At the end of the season, Rex Ryan was fired as head coach of the NY Jets and hired by the Buffalo Bills. The bombastic boastful Ryan promised that he will “build a bully” that opponents will fear. Though Ryan is famously defense-minded, the Bills just signed the NFL’s most visible “bully,” Richie Incognito.
Read what Ted Wells, the NFL’s investigator in the Dolphins scandal, had to say about Incognito.
Now if Ryan and the Bills want to build a “battering” team, they can always sign former Baltimore Raven Ray Rice. Heard he’s still available.
Bully state senator claims to be “tough,” “fair,” & “the most unfairly treated senator in state history”
Wednesday, February 18th, 2015
The Washington State Republicans run the state Senate. That means Republicans chair all committees. Committee chairs have great control over which bills get a public hearing. But typically during those hearings, chairpersons grant each committee member opportunities to pose questions and to comment on bills before the committee.
State Sen. Pam Roach, chair of the Governmental Operations and Security Committee made a snide comment to a group that was testifying before her committee in early February. She asked if they knew where their campaign support money went and commented, “Because you know what? I won.”
That exchange drew a scolding letter from the Democratic Lt. Gov. Brad Owen. Read the letter dated Feb. 13, 2015.
This wasn’t Pam Roach’s first encounter as a bully/perpetrator. The Owen letter lists 16 years of prior incidents starting in 1999 and including a Dec. 2012 finding that she had violated the Senate’s “respectful workplace policy.” All bullies are repeat offenders as is Roach. Her own party caucus, fellow Republicans, found fault with her “abusive conduct.”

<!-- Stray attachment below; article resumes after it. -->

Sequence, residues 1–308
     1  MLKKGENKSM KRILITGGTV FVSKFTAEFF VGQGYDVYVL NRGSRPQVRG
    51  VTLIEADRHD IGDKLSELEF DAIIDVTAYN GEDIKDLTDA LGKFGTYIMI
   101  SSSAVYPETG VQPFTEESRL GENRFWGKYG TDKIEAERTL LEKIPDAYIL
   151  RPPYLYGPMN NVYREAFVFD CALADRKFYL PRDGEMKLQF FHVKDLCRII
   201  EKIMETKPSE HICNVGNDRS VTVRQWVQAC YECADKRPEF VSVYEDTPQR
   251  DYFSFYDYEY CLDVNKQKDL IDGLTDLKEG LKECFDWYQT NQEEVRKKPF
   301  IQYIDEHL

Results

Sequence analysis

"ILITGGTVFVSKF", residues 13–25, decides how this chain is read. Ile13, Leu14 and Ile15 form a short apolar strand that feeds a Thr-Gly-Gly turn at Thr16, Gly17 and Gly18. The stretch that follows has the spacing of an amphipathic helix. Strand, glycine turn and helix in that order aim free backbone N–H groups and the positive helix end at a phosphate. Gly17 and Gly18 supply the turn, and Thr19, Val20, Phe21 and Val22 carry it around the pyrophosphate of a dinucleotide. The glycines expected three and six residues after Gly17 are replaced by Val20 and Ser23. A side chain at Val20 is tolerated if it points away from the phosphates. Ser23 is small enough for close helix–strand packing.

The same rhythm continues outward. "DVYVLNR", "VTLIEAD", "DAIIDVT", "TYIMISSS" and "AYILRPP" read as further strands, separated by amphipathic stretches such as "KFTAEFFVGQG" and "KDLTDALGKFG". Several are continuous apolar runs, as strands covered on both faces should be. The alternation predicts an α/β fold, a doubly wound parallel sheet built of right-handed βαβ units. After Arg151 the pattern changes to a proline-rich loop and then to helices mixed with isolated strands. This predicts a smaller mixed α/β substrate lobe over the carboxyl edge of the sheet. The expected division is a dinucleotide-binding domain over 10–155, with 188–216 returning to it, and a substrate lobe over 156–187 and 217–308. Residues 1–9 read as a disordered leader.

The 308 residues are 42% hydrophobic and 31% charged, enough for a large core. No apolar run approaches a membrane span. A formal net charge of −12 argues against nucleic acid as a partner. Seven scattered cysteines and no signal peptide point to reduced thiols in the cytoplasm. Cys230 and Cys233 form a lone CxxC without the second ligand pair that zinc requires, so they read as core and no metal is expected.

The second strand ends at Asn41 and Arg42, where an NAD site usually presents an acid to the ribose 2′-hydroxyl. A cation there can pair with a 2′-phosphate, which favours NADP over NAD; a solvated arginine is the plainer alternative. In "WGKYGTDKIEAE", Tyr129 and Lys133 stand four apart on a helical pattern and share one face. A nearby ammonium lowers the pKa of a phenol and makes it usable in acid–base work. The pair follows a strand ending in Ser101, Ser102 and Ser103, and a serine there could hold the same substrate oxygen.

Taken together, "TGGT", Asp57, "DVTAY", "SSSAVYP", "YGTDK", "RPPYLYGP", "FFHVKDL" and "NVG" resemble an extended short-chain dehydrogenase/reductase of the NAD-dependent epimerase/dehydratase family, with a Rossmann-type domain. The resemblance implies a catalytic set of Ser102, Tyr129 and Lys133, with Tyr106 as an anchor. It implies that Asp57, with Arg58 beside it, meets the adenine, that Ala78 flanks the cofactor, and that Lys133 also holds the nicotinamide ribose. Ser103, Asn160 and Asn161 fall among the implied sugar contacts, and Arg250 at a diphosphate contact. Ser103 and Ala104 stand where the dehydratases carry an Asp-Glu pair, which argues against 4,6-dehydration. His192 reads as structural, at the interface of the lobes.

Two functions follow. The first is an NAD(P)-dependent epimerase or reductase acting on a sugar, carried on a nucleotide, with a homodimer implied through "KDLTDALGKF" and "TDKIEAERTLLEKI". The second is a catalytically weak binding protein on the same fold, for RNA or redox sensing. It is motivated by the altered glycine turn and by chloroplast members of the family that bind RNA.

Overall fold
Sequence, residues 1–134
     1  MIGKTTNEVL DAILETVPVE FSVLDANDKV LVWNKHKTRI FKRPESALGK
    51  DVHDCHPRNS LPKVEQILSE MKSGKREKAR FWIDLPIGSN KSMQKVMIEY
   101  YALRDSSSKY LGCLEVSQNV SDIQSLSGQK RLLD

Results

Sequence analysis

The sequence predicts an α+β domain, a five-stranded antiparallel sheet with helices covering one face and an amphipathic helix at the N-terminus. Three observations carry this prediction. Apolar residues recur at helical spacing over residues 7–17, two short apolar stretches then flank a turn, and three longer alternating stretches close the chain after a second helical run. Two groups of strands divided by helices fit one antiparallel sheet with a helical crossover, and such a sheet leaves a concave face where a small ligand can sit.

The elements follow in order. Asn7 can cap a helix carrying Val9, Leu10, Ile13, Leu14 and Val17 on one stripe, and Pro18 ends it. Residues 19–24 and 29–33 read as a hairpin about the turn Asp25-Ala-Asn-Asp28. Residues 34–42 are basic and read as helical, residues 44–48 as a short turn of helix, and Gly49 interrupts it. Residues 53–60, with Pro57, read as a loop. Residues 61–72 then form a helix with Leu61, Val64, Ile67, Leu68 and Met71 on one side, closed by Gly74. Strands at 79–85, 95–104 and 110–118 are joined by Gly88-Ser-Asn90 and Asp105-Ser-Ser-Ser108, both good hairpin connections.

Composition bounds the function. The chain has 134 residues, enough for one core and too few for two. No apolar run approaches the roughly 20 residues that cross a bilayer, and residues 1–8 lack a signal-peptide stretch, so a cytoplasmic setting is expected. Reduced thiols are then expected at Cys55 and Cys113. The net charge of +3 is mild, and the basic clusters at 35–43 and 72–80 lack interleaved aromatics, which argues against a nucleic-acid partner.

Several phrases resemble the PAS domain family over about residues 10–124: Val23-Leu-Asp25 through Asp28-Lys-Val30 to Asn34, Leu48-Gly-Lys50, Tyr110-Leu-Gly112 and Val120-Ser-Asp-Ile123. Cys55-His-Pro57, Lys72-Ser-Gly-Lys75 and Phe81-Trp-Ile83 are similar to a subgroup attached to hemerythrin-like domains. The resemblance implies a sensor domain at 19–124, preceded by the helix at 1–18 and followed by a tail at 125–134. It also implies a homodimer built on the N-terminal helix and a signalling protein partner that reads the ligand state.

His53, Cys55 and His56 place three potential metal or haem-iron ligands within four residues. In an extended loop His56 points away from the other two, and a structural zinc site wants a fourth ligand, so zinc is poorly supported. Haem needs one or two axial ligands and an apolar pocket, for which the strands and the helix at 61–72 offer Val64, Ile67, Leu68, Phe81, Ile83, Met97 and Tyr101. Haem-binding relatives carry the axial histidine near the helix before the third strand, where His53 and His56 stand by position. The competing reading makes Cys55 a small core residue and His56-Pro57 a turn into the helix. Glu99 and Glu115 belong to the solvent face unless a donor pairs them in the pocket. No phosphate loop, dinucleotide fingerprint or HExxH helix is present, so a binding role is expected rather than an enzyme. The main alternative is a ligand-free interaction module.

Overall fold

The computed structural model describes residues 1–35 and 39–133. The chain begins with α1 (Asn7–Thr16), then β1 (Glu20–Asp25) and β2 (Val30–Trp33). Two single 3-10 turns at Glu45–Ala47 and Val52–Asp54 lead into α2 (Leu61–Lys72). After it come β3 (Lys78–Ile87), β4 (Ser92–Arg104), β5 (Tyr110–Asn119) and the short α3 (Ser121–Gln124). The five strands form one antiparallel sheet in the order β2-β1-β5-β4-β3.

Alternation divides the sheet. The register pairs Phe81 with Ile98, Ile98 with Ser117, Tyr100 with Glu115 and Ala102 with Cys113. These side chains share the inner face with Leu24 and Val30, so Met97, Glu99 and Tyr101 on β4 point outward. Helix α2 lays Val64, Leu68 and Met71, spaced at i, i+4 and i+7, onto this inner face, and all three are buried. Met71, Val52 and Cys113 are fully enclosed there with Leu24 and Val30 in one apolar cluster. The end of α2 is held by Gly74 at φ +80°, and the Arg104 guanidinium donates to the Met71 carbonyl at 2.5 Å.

Roach now must be accompanied by a fellow Republican during all future meetings with committee staff, the non-elected professionals who serve the committee, many of whom are attorneys.
The Lt. Gov. ends with a veiled threat. “Your abusive behavior must stop. Further violations will not be tolerated.” Yeah, sure. The policy that she willfully violated for years is evidently toothless because it has no enforcement provisions.
Read the letter to see the entire list describing how offensive and abusive Pam Roach has been.
Of course, Roach’s reply to AP reporter Rachel La Corte is that she is a “tough chair.” And that she herself is the actual victim, “I’ve been the most unfairly treated senator in state history.” Of course you are. All bullies are misunderstood victims.
She will not change until made to change. Stay tuned.
Tags: abusive conduct, Brad Owen, Pam Roach, respectful workplace policy, Washington State Senate, workplace bullying
Posted in Media About Bullying, Print: News, Blogs, Magazines | 1 Archived Comment | Post A Comment (
Thursday, January 29th, 2015
On Jan. 29, 2015, WBI Associate and Business Development Mgr. Frank Mulcahy previewed his upcoming presentation at the Lubbock, TX Chamber of Commerce meeting. Jim Douglass and Curtis Parrish, hosts of the show West Texas Today on AM 950/FM 100.7 (KJTV) get a primer on workplace bullying.
Click on the audio player below to listen.
Professionals are invited to acquire the expertise Frank demonstrates. Attend the WBI Workplace Bullying University.
Tuesday, January 20th, 2015
After PTSD, More Trauma
By David J. Morris, New York Times, Jan. 17, 2015
David J. Morris, a former Marine infantry officer, is the author of the forthcoming book The Evil Hours: A Biography of Post-Traumatic Stress Disorder.
WBI: In an ongoing search for answers for trauma sufferers, many of whom are part of the bullied target population, we re-post this essay.
Going in for therapy at a Veterans Affairs hospital is a lot like arriving at a large airport in a foreign country. You pass through a maze of confusing signage. Your documents are scrutinized. There are long lines you must stand in and a series of bureaucratic rituals that must be endured before anything resembling a human encounter occurs.
In April 2013, after doing a series of intake interviews and sitting on a waiting list for three months, I had my first human encounter with my assigned therapist at the big V.A. hospital in San Diego. Little did I know that the delay in treatment would be less agonizing than the treatment itself.